Human understanding

1 Michael Sandel – Where Do Our Natural Rights Come From?

Gepubliceerd op 12 aug. 2015

In this video, Michael Sandel teaches a lecture at Harvard University on natural rights and the arguments of John Locke. Check out the entire video here:…

2 Michael Sandel – How Are Our Rights Inalienable?

Gepubliceerd op 16 aug. 2015

Inalienable rights, argued by John Locke and echoed by the founders of the United States of America, is the concept that the natural rights given to us by Nature or by a Creator are not to be changes or infringed upon by anyone, not even yourself.
In this video, Michael Sandel talks about the arguement made by John Locke to help us understand what is meant by Inalienable Rights.

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3 The Encumbered Self

Gepubliceerd op 16 mrt. 2018

Philosopher Michael Sandel expands on his idea of the encumbered self–the notion that we may be claimed by certain moral ties that can’t be accounted for as duties we owe human beings, or as obligations we’ve chosen, as in through an act of consent.

4 Moral Issues and the Self

Gepubliceerd op 16 mrt. 2018

Philosopher Michael Sandel continues his discussion of morality and the self, exploring the ideas of both the encumbered and the unencumbered self. As an example of someone who acted with the sense of solidarity and moral obligation consistent with the encumbered self, Professor Sandel cites Jackie Robinson, who became the first African-American player in major league baseball.

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5 What Justifies the Power of the State? (Part One)

Gepubliceerd op 16 mrt. 2018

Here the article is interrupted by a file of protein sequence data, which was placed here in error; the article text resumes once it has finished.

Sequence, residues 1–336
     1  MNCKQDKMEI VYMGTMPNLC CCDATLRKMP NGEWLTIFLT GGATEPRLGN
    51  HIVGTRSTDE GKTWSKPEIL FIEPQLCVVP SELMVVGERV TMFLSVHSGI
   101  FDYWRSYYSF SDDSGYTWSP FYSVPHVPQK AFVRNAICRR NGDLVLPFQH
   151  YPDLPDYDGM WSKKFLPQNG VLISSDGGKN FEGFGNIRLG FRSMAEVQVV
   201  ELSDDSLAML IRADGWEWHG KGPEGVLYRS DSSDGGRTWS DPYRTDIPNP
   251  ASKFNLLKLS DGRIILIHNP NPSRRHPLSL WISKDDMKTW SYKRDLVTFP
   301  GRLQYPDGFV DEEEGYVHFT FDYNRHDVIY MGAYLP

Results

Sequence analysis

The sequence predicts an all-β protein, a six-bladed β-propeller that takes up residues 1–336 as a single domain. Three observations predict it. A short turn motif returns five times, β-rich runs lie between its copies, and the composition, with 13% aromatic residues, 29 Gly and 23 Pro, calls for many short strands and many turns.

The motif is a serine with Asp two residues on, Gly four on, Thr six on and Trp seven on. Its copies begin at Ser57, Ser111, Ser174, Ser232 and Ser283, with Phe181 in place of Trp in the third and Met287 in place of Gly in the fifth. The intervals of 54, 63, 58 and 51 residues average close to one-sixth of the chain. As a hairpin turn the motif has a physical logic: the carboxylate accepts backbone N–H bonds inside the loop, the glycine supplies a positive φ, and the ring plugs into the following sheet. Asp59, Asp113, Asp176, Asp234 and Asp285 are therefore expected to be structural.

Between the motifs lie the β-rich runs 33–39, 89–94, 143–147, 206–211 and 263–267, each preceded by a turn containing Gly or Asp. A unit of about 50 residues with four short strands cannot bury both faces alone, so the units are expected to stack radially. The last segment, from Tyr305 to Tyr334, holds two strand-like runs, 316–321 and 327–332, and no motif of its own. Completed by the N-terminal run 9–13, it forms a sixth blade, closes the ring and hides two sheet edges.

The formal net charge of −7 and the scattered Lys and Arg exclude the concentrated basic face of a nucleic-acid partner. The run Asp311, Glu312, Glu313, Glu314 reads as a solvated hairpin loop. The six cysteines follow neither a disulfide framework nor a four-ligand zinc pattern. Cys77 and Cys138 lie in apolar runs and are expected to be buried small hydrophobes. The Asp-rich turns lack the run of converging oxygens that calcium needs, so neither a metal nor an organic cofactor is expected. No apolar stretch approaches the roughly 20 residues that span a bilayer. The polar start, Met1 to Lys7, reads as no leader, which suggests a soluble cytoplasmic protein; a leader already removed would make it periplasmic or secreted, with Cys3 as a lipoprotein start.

Philosopher Michael Sandel discusses two approaches to liberalism, what he terms libertarian liberalism and egalitarian liberalism. He also talks about his own reluctance to be labeled as a communitarian, because he feels the term is often used synonymously with majoritarianism, which is an approach to justice and rights that he feels gives too much weight to whatever values happen to prevail in a given community at a given time.

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6 What Justifies the Power of the State? (Part Two)

Gepubliceerd op 16 mrt. 2018

Philosopher Michael Sandel talks about the views of government held by John Locke and Aristotle. According to Professor Sandel, Locke believed “government was founded on consent.” As for Aristotle, Professor Sandel explains that he thought politics and government were not artificial human constructions but, rather, that they arose from human nature.

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7 Liberal and Communitarian Theories of Government

Gepubliceerd op 16 mrt. 2018

Philosopher Michael Sandel says he recognizes the power of the liberal theory of government, because its neutral position regarding morality is based on a certain conception of freedom. Despite this, however, Professor Sandel believes the liberal position is flawed in its unwillingness to recognize that we can’t define rights without some particular conception of what is good.

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8 Republicanism: Aristotle and Hegel

Gepubliceerd op 16 mrt. 2018

Philosopher Michael Sandel talks about the sources of contemporary Republican theory. He briefly discusses Aristotle, who emphasized the importance for a full human life of sharing in self-rule. Professor Sandel also discusses Hegel, who contributed the notion that freedom requires the development of certain virtue and orientation to the common good.

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9 Whats Fair? Equality, affirmative action, and meritocracy by Prof. Michael J. Sandel

Gepubliceerd op 20 sep. 2017

Prof. Michael J. Sandel is an American political philosopher and a political philosophy professor at Harvard University. In this Infosys Prize lecture, he talks about equality, affirmative action, and meritocracy. This lecture is a part of Prof. Sandel’s ‘Justice Series’ of lectures

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10 Michael Sandel at Human After All conference 2014

Gepubliceerd op 12 apr. 2014